Why Do IDS Deployments Often Fail?
It seems the number of disgruntled IDS owners exceeds the number of satisfied customers. Why are IDS deployments prone to failure? The answer lies in the comparison among "must-have" products of the 1990s. The must-have security product of the mid-1990s was the firewall. A properly configured firewall implements access control (i.e., the limitation of access to systems and services based on a security policy). Once deployed, a firewall provides a minimal level of protection. If told to block traffic from the Internet to port 111 TCP, no one need ever check that it is doing its job. (The only exception involves unauthorized parties changing the firewall's access control rules.) This is a technical manager's dream: buy the box, turn the right knobs, and push it out the door. It does its job with a minimum amount of attention.
After the firewall, security managers learned of IDSs. In the late 1990s the IDS became the must-have product. Commercial vendors like Internet Security Systems, the Wheel Group (acquired by Cisco in February 1998), and Axent (acquired by Symantec in July 2000) were selling IDS software by fall 1997. Articles like those in a September 1997 issue of InternetWeek praised IDSs as a "layer of defense that goes beyond the firewall."  Even the Gartner Group, now critical of intrusion detection products, was swept up in the excitement. In that InternetWeek article, the following opinion appeared:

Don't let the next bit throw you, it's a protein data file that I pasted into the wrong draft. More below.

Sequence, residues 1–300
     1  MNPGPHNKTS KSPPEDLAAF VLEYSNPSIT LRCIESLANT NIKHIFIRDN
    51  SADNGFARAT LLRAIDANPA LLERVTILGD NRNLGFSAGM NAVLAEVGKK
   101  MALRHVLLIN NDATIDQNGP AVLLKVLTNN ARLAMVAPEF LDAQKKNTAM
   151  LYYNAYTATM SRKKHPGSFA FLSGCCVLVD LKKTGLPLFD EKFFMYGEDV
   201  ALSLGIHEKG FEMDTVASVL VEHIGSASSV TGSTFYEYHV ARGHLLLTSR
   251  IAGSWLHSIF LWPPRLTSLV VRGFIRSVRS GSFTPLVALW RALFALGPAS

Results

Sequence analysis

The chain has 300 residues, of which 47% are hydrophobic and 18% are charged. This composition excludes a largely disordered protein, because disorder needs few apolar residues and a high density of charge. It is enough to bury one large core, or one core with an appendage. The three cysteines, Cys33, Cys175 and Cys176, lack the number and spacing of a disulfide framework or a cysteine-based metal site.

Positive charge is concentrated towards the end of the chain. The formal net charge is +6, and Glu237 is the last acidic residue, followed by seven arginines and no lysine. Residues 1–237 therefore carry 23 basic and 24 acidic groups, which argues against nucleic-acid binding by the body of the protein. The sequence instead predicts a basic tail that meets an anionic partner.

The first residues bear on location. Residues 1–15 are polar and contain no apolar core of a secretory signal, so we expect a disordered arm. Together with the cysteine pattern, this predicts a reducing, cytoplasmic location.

In the past, intrusion detection was a very labor-intensive, manual task, said Jude O'Reilley, a research analyst at Gartner Group's network division, in Stamford, Conn. "However, there's been a leap in sophistication over the past 18 months," and a wider range of automated tools is hitting the market, he said.
Technical managers treated IDS deployments as firewall deployments: buy, configure, push out the door. This model does not work for IDSs. A firewall performs prevention, and an IDS performs detection. A firewall will prevent some attacks without any outside supervision. An IDS will detect some attacks, but a human must interpret, escalate, and respond to its warnings. If you deploy an IDS but never review its logs, the system serves no purpose. Successful IDS deployments require sound products, trained people, and clear processes for handling incidents.
It is possible to configure most IDSs as access control devices. Features for implementing "shunning" or "TCP resets" turn the IDS from a passive observer into an active network participant. I am personally against this idea except where human intervention is involved. Short-term incident containment may merit activating an IDS's access control features, but the IDS should be returned to its network audit role as soon as the defined access control device (e.g., a filtering router or firewall) is configured to limit or deny intruder activity.